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Sunday, 12 September 2021

Unintelligent Designer News - The Batty Designer Having an Arms Race with Itself!

The Atlas moth (Attacus atlas) has a strong anti-bat acoustic decoy at the tip of its forewings. Composite image with photograph on right half and acoustic tomography on the left. Colour indicates echo strength on a dB scale and red indicates highest echo amplitude. Note the red highly reflecting stripe created by the rippled part of the wingtip.

Credit: Dr Thomas Neil and Professor Marc Holderied
September: Moth wingtips | News and features | University of Bristol

One of the several aspects of biology you can never get an intelligent [sic] design advocate (that's intelligent design, not an intelligent advocate as these are practically unknown) to address is that of what biologists call, 'evolutionary arms races' where two organisms, usually predator and prey, or parasite and host are in competition with one another, each seeking to gain an advantage over the others.

Classic examples of this are the giraffe and acacia trees, with the former evolving a long neck to reach the leaves acacia trees have grown a long trunk to put out of the reach of giraffes and cheetahs and gazelles where each has to run faster than the other, the cheetah to eat and the gazelles to live, so they both run very fast and yet cheetahs still catch end eat gazelles.

Photograph of the Atlas moth (Attacus atlas). This large silkmoth has the strongest known wingtip decoy with ripples and folds.

Credit: Dr Thomas Neil
Another more recent example currently affecting us all, is that of the SARS-CoV-2 parasitic virus where new variants such as the δ variant currently causing a new, more severe, pandemic, have evolved to better overcome the immune systems in its human hosts - an immune system intelligent [sic] design advocates believe their beloved malevolence designed to protect us from the viruses and bacteria it designs to make us sick.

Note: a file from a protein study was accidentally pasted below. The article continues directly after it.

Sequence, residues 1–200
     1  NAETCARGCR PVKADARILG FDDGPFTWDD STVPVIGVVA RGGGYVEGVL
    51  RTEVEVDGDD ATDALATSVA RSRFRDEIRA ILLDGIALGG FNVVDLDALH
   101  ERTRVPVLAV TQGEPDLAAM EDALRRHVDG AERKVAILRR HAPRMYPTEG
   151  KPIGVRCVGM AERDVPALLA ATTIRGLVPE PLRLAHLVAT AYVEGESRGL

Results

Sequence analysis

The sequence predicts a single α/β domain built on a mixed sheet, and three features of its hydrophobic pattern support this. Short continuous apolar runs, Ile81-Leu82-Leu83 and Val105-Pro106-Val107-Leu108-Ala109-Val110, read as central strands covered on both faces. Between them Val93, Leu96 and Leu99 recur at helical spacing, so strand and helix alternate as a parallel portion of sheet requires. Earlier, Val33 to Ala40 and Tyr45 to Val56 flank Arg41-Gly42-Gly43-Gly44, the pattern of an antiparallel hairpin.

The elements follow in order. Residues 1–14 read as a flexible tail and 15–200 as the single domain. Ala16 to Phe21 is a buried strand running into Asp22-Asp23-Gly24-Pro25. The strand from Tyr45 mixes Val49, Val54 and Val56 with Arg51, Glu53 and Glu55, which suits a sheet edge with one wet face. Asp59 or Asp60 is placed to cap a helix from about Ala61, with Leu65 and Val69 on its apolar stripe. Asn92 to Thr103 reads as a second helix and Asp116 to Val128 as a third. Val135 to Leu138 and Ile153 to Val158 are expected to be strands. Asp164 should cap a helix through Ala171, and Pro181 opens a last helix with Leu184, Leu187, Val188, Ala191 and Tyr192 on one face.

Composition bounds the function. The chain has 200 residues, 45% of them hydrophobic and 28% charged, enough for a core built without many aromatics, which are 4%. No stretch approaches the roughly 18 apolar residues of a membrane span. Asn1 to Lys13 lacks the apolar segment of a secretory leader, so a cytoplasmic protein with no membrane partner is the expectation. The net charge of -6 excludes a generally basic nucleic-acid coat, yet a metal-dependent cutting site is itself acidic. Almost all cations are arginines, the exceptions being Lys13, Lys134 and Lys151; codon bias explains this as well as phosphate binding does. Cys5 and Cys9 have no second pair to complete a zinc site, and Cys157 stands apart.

And now, courtesy of a team of scientists from Bristol University, we have the example of moths having a mechanism for diverting the attack of bats which have been given (allegedly) echolocation so they can detect moths.

More of that research in a moment; first a little about the bat/moth arms races, which I wrote about in my popular book, The Unintelligent Designer: Refuting the Intelligent Design Hoax. Briefly, if you accept for
Photograph of the Chinese tussar moth (Antheraea pernyi). This silkmoth has a strong wingtip decoy based on ripples.

Credit: Dr Thomas Neil
the sake of argument, the Creationist insistence that all things are designed by their putative designer god, you have to accept that moths became nocturnal to escape from diurnal predators that hunted them with vision, then it designed the echo-location systems of bats so they could 'see' moths in the dark, then it gave moths the ability to hear the ultrasonic echolocation signals of bats and so avoid them, then it gave bats echolocation frequencies that moths couldn't detect, etc, etc, (See Jacobs, David; Explainer: the evolutionary arms race between bats and moths; 2014).

Now the Bristol team has revealed a new twist in this arms race by some saturniid moth (the group that includes silkworm moths). They have shown that the forewings of these moths have special folds and ripples near the tips which act as super-reflectors of bat echolocation sounds, which either confuse the bat or deflect its attack to the tips of the forewings where it does relatively little harm compared to an attach directed at the head or body.

We have demonstrated that the folded and rippled wingtips on the forewings of some silkmoths act as acoustic decoys.